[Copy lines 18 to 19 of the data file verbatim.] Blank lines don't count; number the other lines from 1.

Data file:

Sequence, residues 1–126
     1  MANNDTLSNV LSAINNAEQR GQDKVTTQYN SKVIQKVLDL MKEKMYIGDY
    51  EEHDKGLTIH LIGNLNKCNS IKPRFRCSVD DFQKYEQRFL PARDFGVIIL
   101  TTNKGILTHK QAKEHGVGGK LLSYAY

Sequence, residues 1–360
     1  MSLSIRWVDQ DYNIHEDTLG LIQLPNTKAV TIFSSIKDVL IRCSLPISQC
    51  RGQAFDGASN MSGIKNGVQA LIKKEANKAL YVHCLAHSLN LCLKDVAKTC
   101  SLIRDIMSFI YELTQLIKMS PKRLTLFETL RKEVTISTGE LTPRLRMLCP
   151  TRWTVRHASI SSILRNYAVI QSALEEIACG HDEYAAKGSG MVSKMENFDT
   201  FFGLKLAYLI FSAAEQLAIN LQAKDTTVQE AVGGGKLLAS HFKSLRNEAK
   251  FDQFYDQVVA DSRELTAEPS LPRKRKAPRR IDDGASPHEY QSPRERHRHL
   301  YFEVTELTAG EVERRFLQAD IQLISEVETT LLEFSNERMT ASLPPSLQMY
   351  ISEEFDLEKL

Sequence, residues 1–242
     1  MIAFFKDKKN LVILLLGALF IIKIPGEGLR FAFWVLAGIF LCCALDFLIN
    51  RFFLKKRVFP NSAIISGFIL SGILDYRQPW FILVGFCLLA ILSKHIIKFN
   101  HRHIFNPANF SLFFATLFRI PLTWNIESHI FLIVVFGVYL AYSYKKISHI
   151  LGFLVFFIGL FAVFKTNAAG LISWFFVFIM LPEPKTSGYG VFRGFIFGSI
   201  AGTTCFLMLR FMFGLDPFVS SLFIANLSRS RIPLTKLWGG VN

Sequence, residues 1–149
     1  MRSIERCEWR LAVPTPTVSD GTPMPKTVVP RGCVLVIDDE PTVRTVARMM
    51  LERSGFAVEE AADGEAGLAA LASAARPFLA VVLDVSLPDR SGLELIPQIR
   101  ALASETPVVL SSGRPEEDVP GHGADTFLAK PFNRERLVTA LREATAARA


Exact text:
   151  LGFLVFFIGL FAVFKTNAAG LISWFFVFIM LPEPKTSGYG VFRGFIFGSI
   201  AGTTCFLMLR FMFGLDPFVS SLFIANLSRS RIPLTKLWGG VN